Last time we covered the extra requirements (over Issue 5) for section 1 – Senior Management Commitment

This time we shall start to look at the BRC Global Standards Global Food Standard Issue 6 section on HACCP. The mandatory requirements have been expanded somewhat over Issue 5. We going to start with the revised clauses on managing the pre-requisite programmes, a change that brings the Standard in keeping with the level of detail given to pre-requisites in ISO 22000.

In summary section 2 on HACCP, in Issue 6, places a greater emphasis on the implementation and validation of the pre-requisite programmes. It states that the pre-requisite control measures must be clearly documented and included in the development and review of the HACCP programme. So what does this mean in practice?

Well it is correct practice anyway to identify and implement pre-requisite controls to ensure that the HACCP Plan will be effective. What is a pre-requisite programme?

I like to think of it as a “site-wide” or “covering all process steps” control, as opposed to a process specific control. Now thinking of some examples becomes easy:

  1. Pest control is a site wide control – the management of pests is crucial over all areas of the factory and loss of control could affect any process step.
  2. Cleaning and sanitation falls under the same definition – it’s no good concentrating on some areas and leaving others dirty – the potential for cross contamination from these dirty areas renders the HACCP plan ineffective. The list goes on of course in much the same way including (but not exclusively):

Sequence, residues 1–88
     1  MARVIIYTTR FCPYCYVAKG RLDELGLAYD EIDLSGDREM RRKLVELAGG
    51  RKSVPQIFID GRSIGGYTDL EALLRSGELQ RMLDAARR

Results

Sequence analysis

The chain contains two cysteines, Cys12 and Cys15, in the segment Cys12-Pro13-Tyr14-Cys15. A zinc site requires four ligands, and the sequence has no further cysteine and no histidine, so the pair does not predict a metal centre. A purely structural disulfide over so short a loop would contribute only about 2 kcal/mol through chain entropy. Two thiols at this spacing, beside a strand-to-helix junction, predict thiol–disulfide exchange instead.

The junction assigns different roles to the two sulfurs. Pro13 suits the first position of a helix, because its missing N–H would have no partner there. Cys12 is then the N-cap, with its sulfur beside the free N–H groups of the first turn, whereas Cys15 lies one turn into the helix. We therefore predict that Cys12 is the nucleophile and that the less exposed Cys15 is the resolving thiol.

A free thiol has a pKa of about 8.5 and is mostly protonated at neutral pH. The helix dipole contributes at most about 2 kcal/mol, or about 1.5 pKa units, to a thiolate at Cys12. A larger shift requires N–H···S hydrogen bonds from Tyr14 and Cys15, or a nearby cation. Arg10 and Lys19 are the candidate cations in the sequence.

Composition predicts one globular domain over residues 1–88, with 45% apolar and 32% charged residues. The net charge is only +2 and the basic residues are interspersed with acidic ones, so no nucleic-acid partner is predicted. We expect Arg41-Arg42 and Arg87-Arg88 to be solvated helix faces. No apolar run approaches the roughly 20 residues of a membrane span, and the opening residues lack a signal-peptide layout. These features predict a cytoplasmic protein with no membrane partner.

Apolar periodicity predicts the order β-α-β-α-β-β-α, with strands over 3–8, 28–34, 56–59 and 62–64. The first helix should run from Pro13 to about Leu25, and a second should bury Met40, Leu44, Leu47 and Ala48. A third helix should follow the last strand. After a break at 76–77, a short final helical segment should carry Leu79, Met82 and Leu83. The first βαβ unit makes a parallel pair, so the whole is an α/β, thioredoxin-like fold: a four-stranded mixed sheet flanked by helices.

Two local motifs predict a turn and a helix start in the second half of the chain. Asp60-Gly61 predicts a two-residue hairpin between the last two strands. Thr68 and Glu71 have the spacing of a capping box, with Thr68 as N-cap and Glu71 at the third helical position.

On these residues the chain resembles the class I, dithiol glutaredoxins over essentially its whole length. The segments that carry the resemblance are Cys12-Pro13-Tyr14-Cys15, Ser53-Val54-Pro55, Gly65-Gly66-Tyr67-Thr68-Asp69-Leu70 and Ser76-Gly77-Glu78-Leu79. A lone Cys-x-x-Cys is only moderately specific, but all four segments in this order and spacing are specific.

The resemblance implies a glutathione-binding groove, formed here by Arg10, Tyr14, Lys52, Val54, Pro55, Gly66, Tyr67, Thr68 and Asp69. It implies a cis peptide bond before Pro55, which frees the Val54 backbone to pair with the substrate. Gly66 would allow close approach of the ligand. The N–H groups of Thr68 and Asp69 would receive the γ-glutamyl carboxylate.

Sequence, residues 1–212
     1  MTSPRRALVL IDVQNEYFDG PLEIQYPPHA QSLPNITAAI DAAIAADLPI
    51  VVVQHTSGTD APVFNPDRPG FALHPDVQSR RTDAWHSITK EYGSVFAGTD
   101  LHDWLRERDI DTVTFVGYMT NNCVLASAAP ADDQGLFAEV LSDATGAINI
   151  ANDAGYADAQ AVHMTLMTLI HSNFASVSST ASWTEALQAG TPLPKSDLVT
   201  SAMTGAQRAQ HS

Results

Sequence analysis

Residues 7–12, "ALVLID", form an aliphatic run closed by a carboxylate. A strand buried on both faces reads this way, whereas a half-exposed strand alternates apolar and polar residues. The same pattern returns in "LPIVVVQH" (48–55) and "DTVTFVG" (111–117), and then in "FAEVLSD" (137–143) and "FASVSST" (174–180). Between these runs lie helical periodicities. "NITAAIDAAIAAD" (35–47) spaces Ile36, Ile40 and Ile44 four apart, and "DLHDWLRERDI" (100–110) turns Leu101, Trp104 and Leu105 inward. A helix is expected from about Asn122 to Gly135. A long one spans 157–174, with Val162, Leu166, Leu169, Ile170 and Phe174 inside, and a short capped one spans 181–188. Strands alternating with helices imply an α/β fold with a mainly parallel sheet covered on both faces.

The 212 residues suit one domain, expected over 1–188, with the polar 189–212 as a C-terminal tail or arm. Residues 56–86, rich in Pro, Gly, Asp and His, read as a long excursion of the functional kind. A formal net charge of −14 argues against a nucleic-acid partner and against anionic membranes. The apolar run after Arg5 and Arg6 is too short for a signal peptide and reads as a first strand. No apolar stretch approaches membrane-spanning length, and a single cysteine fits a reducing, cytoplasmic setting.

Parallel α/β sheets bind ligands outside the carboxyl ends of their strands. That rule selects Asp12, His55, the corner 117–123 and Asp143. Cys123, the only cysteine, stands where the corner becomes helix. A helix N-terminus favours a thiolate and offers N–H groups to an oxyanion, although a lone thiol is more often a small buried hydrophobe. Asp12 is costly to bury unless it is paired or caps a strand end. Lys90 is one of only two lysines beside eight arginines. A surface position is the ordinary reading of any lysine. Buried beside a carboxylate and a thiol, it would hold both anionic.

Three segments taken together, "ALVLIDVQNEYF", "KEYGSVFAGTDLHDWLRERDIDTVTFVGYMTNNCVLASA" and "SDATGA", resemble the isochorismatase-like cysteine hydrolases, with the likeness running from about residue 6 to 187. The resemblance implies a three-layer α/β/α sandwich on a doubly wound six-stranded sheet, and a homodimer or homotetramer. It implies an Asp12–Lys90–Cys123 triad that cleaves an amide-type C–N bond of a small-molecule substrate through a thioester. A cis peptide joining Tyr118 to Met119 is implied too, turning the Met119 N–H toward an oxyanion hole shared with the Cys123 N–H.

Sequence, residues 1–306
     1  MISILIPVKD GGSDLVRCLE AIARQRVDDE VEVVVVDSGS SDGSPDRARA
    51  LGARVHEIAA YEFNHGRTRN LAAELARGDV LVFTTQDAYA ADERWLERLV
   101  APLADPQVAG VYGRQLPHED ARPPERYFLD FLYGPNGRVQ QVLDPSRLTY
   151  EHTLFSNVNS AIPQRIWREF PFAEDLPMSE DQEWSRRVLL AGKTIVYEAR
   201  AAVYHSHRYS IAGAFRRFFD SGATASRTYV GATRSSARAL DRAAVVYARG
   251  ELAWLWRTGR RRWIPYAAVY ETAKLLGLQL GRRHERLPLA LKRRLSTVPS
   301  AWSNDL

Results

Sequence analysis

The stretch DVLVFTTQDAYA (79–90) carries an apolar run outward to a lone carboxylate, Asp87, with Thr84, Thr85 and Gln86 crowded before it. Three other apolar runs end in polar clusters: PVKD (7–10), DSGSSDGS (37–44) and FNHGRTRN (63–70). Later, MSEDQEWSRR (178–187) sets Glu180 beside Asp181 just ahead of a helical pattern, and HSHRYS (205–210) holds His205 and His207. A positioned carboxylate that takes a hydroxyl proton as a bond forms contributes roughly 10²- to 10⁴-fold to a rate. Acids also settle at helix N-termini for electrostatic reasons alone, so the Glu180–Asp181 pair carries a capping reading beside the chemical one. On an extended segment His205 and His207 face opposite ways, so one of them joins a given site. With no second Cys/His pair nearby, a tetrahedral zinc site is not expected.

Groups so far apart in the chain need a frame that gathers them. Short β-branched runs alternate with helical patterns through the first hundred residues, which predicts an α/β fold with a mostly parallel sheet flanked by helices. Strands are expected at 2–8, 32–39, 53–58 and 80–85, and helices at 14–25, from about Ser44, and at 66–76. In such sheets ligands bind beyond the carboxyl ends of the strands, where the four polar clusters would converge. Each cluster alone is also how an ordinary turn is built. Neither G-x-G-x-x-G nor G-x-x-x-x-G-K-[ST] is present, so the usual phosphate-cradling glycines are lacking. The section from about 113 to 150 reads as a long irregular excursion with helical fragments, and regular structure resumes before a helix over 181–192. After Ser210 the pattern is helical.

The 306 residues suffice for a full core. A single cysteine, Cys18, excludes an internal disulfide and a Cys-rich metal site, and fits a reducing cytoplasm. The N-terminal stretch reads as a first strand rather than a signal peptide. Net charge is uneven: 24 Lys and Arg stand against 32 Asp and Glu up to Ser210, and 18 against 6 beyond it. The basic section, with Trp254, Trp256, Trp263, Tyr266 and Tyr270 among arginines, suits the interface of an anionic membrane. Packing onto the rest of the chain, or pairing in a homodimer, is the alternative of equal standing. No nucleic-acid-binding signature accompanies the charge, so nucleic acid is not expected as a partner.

3. Staff training
  4. Personal hygiene rules
  5. Maintenance

That is quite different to a process specific control. These exert control at one or few places in the overall process. Think for instance of:

  1. Pasteurisation at a pasteuriser
  2. Metal detection
  3. A thermal processing step applied to food
  4. A specific packaging gas mixture used at a packaging machine
  5. A delibrate “at process” check such as a specific goods in quality and temperature check following a defined instruction.

These are only a few but I hope that it clears up the difference between a prerequisite control and what is not a pre-requisite control.

Issue 6 of the BRC Global Standards Global Food Safety Standard requires that:-

  1. You document clearly the pre-requisites. This means a proper cross reference ( perhaps a separate table ) within the HACCP Plan showing which pre-requisite controls manage which site-wide potential hazards. Include references to SOP numbers or Quality Manual pages.
  2. You validate these pre-requisites and include them in HACCP development and review. You should be able to manage this through an internal audit programme. But beware that validate means “check that they are effective at reducing the hazard” – constant pest issues recorded means that the pest control programme cannot be validated as effective and thus will put at risk the HACCP Plan. Cleaning and sanitation can be validated by visual checks and a programme or rapid or conventional microbiological swabs – this is scientific and ultimately tells us we’re doing a good job. But just swabbing one area all the time doesn’t validate!
  3. And your HACCP review audit or meeting checklist (yes it should be this formal) should require an examination of your pre-requisite programmes. Are they effective or do we need to do more?

Next time we’ll move on to the HACCP system itself……..

A good cleaning article FSA recall – product packaged in unapproved premises